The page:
To start with, after 1500 years of royals brawling with each other, it was pretty easy to conclude that government no longer needed a noble class. This means that “the people” rule the government.
Importantly, the nobles had always claimed that their right to rule had come from heaven, so their laws were also certified by heaven, and anybody who rejected them were not just criminals, but sinners.
So the founding fathers were clear that the constitution was written by men, for men, and could be changed by men without annoying heaven. This is all the separation of church and state really amounted to, not purging religion from government.
Next, they well knew that any rules or laws put to paper will be evaded before the ink is dry, so the way around this was to create competing bodies of people, with somewhat different motivations, who could veto other groups in a balanced way. Thus the constitution has a bunch of these balances set up.
Not just the three branches of government; but the balance between the national government, the state governments, and the people; the balance between populous and small population states; the only truly democratic body being the house of representatives, with the states appointing senators and the electoral college selecting the POTUS, who appoints federal judges, with the approval of the senate, and thus the states, again.
They were also smart enough to make the legislative process contentious and difficult, so that the default is that new laws will fail. It is better to have no laws than bad laws.
Enter the Progressives. Arrogant, self-important and ignorant, they are filled with themselves and always believe they are smarter than thousands of years of people who lived before.
They are caught up in the arrogance of adolescence. That their ideas are better, and that everyone just needs to get out of their way for them to prove it. They have nothing but contempt for history and knowledge, and insist that a simple to understand wrong idea is always better than a complex and articulate plan carried out over years.
Yup. Of course, the nation-state itself evolved in Europe for the very simple reason that it was apparently the most effective type of government for waging war. Political entities that were less effective disappeared.
IMO it was probably necessary to have a powerful central government to wage WWII and the Cold War. As can be seen by considering the consequences of losing either of those wars. What killed us was that the Cold War was so long that we got used to a big government.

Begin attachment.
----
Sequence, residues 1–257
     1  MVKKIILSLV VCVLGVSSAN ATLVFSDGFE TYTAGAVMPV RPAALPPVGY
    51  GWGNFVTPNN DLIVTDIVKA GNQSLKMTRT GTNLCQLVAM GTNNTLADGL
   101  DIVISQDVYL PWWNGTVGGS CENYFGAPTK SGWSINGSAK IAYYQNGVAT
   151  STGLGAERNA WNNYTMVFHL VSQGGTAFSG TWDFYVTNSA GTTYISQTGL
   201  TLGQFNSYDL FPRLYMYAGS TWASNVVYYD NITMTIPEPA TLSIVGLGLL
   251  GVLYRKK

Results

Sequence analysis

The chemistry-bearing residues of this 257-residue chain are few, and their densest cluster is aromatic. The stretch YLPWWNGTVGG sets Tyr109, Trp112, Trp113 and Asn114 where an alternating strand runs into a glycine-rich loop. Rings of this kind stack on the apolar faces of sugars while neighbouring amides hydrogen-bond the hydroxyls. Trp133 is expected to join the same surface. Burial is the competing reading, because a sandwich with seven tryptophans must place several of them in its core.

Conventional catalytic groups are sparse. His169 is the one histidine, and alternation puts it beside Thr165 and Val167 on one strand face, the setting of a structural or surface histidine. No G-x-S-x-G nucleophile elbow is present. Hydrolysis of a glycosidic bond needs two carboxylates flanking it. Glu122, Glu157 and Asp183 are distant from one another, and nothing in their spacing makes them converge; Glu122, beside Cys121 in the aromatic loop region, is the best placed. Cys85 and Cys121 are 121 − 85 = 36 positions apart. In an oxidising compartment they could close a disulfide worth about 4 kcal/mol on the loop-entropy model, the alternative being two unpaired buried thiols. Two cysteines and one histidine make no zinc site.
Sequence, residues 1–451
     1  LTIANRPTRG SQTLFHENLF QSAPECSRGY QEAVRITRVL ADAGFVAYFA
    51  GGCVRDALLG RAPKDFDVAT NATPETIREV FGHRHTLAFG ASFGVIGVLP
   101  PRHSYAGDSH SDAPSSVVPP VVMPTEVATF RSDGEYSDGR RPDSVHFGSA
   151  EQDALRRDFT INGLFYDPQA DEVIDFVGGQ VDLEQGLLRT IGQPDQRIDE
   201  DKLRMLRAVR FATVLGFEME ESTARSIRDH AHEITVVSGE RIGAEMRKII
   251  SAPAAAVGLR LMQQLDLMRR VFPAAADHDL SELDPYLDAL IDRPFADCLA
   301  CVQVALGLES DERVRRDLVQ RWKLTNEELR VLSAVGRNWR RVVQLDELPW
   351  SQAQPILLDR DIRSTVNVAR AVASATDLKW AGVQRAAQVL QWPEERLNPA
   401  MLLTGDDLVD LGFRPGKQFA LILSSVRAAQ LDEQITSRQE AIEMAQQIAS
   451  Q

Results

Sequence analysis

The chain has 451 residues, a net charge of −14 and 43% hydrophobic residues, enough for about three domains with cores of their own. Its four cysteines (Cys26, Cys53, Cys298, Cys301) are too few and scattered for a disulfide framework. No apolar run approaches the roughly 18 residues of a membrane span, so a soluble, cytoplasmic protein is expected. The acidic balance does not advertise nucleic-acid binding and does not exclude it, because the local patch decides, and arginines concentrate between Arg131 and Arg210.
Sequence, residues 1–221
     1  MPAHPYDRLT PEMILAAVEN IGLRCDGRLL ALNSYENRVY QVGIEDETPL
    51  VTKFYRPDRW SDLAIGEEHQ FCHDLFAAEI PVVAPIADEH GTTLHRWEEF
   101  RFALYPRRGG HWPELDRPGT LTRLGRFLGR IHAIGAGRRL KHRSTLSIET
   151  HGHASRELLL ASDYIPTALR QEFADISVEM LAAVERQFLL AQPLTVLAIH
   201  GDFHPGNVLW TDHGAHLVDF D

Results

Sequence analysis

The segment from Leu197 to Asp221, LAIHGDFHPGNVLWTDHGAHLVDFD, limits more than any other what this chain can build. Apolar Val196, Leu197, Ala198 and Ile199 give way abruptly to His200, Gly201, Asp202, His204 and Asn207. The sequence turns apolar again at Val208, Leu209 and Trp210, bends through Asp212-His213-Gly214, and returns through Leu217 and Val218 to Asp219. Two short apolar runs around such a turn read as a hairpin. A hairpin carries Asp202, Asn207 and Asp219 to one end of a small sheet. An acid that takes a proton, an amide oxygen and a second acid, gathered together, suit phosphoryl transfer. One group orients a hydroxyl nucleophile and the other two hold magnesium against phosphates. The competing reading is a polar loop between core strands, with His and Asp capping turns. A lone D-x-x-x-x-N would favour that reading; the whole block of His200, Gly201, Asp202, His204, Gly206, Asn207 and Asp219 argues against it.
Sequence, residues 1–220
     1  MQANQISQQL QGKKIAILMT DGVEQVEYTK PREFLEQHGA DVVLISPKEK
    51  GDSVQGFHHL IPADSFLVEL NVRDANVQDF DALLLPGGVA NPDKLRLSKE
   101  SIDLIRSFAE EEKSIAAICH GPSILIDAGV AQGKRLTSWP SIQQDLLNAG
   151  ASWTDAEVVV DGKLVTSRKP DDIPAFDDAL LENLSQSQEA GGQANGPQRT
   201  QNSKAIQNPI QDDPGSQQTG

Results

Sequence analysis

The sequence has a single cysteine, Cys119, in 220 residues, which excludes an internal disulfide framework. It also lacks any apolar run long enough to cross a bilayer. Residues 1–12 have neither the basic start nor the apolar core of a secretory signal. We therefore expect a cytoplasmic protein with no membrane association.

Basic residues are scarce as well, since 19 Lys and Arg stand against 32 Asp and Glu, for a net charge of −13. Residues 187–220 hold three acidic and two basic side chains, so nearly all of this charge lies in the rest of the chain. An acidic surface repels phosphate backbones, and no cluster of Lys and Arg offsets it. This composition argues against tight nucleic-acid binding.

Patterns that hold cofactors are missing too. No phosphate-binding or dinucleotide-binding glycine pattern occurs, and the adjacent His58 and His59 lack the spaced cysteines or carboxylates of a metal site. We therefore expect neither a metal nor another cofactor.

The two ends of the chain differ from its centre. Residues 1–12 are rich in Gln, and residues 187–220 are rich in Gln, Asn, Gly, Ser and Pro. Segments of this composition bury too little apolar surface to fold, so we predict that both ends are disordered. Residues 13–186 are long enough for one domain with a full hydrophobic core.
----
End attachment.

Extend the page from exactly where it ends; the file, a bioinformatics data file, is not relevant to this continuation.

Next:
With respect to the two words general welfare, I have always regarded them as qualified by the detail of powers connected with them. To take them in a literal and unlimited sense would be a metamorphosis of the Constitution into a character which there is a host of proofs was not contemplated by its creators. If Congress can do whatever in their discretion can be done by money, and will promote the General Welfare, the Government is no longer a limited one, possessing enumerated powers, but an indefinite one, subject to particular exceptions. The powers delegated by the proposed Constitution to the federal government are few and defined . . . to be exercised principally on external objects, as war, peace, negotiation, and foreign commerce.” “I cannot undertake to lay my finger on that article of the Constitution which granted a right to Congress of expending, on objects of benevolence, the money of their constituents.”
— James Madison, the father of the U.S. Constitution, fourth U.S. President
Congress has not unlimited powers to provide for the general welfare, but only those specifically enumerated.
— Thomas Jefferson, third U.S. President
Mr. Speaker: I have as much respect for the memory of the deceased, and as much sympathy for the suffering of the living, if there be, as any man in this House, but we must not permit our respect for the dead or our sympathy for part of the living to lead us into an act of injustice to the balance of the living. I will not go into an argument to prove that Congress has not the power to appropriate this money as an act of charity. Every member on this floor knows it. We have the right as individuals, to give away as much of our own money as we please in charity; but as members of Congress we have no right to appropriate a dollar of the public money.
— Congressman Davy Crockett
I cannot find any authority in the Constitution for public charity.
— President Franklin Pierce
I never met General Welfare, tho I have heard of his many exploits. Much as McClellan muddied the Civil War for both sides , it seems Welfare has a bit of mud as well.
I hear next to nothing of our good fellow General Welfare, graduated the same class as Custer or so I may have heard uhhhh,, I only hear of his successes , Social Security, Medicaid, Medicare, The Great Society, A New New Deal,, iPhone, GUbamint chess in a squeeze tube..
Who knows what will be the legacy of a GUbamint and a masses of people who could fail so miserably and yet, feeeeel so goooood about themselves?
Just look to the past.. And not as some would. Forward.
de Tocqueville facepalm
Good column. Thanks.
Well, “destroying” isn’t quite the right word, but the Constitution was meant to PREVENT the degree of democracy that would let transient majorities of stupid or malevolent people vote away MY rights (or at least the legal protection for them). This moron’s first paragraph illustrates perfectly why that protection is a really good idea.
I don’t want to flame, but on the point of Slavery, remember that Slavery was then a tolerated human institution, as it had been from the beginning of recorded history; present and accepted in every civilization and age. We see its evil now and consider it obvious, but that’s more hindsight than innate wisdom.
The Constitution is our fundamental document, our rulebook. It is the greatest political document, in conjunction with the Declaration, ever conceived by man. We’d have a much stronger republic (not “democracy”) if we followed it more closely.